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The Ottawa Police Service has hired local law firm Perley-Robertson, Hill & McDougall to assist its discreditable conduct case against detective Helen Grus. On Monday, day 15 of Grus’ disciplinary tribunal, it was learned that firm partners Jessica Barrow and Lynda Bordeleau – former OPS chief Charles Bordeleau’s wife – have joined the prosecution.

They were retained by OPS after Grus’ defence team of Bath-Sheba van den Berg and Blair Ector filed a motion to have police’s lead counsel, Vanessa Stewart, tossed from the case for professional misconduct. During cross-examination of a defence witness last January, Stewart compared Grus’ calm demeanour to that of serial rapist and double murderer Russell Williams.

Other aspects of the motion included Stewart’s perceived conflict of interest with a prosecution witness who is her sister-in-law, and what the defence felt was a recalcitrant attitude towards negotiating Grus’ use of police documents in her defence.

Grus was charged with discreditable conduct on July 26, 2022 under Ontario’s Police Services Act, relating to what police allege was her “self-initiated and unauthorized project” involving her probe of increasing Sudden Infant Deaths and a possible link to COVID vaccines.

After more than a fortnight of hearing days, the most egregious aspect of Grus’ purported misconduct is telephoning one father of a SIDS victim to inquire about the vaccine status of the mother–this at a time when Ontario residents still had to show their vaccine passport to get a haircut or a restaurant meal.

According to Grus’ compelled statement, played on the opening day of the disciplinary tribunal, there were six SIDS cases in 2021, which she perceived as a two- or threefold increase compared to a typical year. At the time, she was a senior detective in OPS’ child abuse unit and part of her job included investigating sudden deaths of children five-and-under.

Though the Mar. 25 hearing day was intended to argue the motion to boot Stewart from the case, van den Berg offered to withdraw it without prejudice (allowing Grus’ defence to revisit the issue in future if need be), which tribunal adjudicator Chris Renwick allowed.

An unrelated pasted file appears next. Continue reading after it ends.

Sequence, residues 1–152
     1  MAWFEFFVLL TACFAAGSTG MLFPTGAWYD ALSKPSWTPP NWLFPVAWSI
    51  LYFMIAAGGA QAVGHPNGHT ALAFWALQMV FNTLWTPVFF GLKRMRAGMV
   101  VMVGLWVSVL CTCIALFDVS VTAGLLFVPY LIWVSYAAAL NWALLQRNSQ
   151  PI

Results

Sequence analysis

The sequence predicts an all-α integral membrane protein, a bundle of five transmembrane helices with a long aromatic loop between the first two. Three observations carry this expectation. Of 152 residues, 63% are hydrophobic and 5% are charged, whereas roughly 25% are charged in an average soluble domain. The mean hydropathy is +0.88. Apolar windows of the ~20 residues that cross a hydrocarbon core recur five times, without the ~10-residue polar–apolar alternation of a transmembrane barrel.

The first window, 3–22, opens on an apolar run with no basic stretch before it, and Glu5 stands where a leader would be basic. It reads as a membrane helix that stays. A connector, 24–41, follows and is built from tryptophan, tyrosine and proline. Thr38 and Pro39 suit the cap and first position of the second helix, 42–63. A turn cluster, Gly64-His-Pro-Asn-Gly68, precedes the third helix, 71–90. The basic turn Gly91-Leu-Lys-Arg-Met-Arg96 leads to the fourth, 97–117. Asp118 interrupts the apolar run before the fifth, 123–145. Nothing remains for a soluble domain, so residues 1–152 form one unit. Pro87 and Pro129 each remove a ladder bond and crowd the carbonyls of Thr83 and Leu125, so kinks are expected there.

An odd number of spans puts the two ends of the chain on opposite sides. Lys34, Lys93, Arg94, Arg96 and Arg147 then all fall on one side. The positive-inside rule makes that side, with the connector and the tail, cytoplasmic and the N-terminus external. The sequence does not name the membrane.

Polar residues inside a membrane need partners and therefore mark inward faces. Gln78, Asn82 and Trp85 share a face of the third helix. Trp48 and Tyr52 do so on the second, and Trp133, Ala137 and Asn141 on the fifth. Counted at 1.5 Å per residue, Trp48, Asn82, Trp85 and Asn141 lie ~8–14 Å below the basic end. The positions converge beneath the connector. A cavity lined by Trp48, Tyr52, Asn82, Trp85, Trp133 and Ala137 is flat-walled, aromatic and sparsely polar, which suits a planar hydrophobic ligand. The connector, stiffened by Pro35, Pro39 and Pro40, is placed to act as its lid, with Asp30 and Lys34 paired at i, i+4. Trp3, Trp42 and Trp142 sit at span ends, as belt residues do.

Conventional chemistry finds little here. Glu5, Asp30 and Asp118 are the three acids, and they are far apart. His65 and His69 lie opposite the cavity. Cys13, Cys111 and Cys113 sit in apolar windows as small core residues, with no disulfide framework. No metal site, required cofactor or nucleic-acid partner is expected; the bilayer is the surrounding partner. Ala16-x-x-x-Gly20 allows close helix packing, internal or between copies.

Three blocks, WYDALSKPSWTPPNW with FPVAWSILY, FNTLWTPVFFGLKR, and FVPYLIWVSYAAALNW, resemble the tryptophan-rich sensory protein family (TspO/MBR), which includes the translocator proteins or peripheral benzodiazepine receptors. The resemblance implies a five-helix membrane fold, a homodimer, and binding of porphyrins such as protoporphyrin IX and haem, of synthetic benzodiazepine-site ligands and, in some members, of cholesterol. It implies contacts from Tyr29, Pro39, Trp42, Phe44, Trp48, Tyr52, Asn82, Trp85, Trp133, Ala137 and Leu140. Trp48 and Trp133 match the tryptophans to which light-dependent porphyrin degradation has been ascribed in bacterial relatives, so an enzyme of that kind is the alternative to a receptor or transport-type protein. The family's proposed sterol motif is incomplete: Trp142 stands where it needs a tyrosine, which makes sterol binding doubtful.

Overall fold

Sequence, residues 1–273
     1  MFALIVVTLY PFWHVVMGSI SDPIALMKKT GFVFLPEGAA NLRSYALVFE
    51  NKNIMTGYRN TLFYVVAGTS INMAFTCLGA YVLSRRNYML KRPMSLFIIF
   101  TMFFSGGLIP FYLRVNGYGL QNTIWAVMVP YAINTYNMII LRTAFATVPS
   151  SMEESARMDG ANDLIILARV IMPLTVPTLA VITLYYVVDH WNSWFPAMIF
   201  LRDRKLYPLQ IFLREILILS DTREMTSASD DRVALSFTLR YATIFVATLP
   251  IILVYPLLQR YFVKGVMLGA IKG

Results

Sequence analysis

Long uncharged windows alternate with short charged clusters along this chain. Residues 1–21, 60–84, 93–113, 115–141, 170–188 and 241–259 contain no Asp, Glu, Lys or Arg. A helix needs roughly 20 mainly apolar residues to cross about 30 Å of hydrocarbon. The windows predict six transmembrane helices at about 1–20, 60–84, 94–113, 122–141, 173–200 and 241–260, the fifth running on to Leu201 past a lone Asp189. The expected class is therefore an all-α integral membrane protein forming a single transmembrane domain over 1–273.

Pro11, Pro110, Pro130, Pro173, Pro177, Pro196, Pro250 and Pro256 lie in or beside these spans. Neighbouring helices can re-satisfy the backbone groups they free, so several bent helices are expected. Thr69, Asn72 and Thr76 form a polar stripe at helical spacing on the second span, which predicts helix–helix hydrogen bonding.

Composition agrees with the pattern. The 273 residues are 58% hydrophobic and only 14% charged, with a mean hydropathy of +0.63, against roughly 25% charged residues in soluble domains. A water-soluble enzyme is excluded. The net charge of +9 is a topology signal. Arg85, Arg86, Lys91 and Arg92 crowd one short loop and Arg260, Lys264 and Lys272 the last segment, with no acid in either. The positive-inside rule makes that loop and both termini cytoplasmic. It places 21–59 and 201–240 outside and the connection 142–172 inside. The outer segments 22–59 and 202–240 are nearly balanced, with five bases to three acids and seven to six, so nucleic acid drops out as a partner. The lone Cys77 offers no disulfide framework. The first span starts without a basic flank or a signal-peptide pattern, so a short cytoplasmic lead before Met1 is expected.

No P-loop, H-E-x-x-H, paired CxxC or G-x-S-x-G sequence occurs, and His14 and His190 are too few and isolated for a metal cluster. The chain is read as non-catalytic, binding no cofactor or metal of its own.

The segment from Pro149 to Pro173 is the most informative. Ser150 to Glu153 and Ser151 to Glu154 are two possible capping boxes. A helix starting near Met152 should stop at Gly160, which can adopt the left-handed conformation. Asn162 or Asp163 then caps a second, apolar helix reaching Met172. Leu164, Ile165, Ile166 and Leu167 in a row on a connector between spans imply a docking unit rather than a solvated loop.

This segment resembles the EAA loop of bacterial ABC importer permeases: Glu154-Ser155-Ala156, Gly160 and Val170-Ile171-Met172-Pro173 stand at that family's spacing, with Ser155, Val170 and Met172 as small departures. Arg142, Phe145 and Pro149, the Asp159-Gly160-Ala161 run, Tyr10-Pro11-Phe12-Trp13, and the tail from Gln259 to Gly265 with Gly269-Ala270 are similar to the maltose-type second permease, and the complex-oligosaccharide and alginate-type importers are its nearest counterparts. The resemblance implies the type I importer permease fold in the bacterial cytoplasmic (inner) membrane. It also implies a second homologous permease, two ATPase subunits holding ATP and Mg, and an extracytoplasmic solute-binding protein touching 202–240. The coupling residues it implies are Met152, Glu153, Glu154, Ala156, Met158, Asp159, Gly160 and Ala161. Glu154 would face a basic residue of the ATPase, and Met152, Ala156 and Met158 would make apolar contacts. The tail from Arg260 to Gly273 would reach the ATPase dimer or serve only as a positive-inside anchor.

“We welcome the presence of Ms. Barrow and Ms. Bordeleau on this case,” van den Berg told the tribunal. “We consider the change in circumstances to be a form of relief that mitigates some of the concerns we raised… we are hopeful.”

Barrow responded that the allegations against Stewart were “very serious…(and) harmful to her reputation” and that OPS hired her and Bordeleau to handle arguments against Stewart’s removal, but that she would continue to manage the case.

“(Our involvement) shouldn’t be taken as any kind of concession or relief.”   

That exchange aside, the parties’ lawyers have been communicating and will continue to negotiate a deal with respect to allowing Grus use of OPS documents. Renwick is giving them until mid-April to reach an agreement.

“There has to be some parameters by a responding officer taking OPS documents for their defence,” Renwick noted. “Many of these documents cannot be admitted without redaction for a whole list of reasons.”

Proceedings wrapped on an unusually collegial note compared to the tumultuous and combative hearing days previously. However momentary unrest did erupt just prior the day’s start, after Ottawa police prevented dozens of Grus supporters from entering proceedings at the Stittsville, Ont. detachment, claiming fire code concerns. They also threatened to tow would-be spectators’ vehicles from the parking lot.

These decrees were met with jeers from those packed into the detachment lobby. Inside the boardroom, an elderly gentleman took things further and was ejected by plainclothes cops after menacing tribunal adjudicator Chris Renwick with a leaflet and accused him of breaking the Nuremberg Code.

“I am prepared to clear the room,” Renwick warned after the aggressive interruption.

Attendance has been steady throughout Grus’ disciplinary tribunal but Monday’s one-day session attracted the largest number of Grus supporters since her misconduct hearings began last August. This was the first occasion people were turned away.   

Van den Berg called this scenario a potential breach of the open court principle, “oppressive for (those) who want to attend.” She said it would likely create similar issues when Grus testifies this spring. Again she suggested online simulcasting, as was done during the pre-trial case days, or rescheduling the next five-day session beginning May 27 at a larger venue with more parking, options that Renwick has to date rejected. 

“I very much recognize that this venue did not meet the public expectations,” Renwick said before adjourning for the day.

“I will do everything I can, working with OPS to see if we can resolve these issues.”


  • Jason Unrau

    Jason is based in Ottawa. He is a former Parliamentary Press Gallery reporter. He enjoys public interest journalism.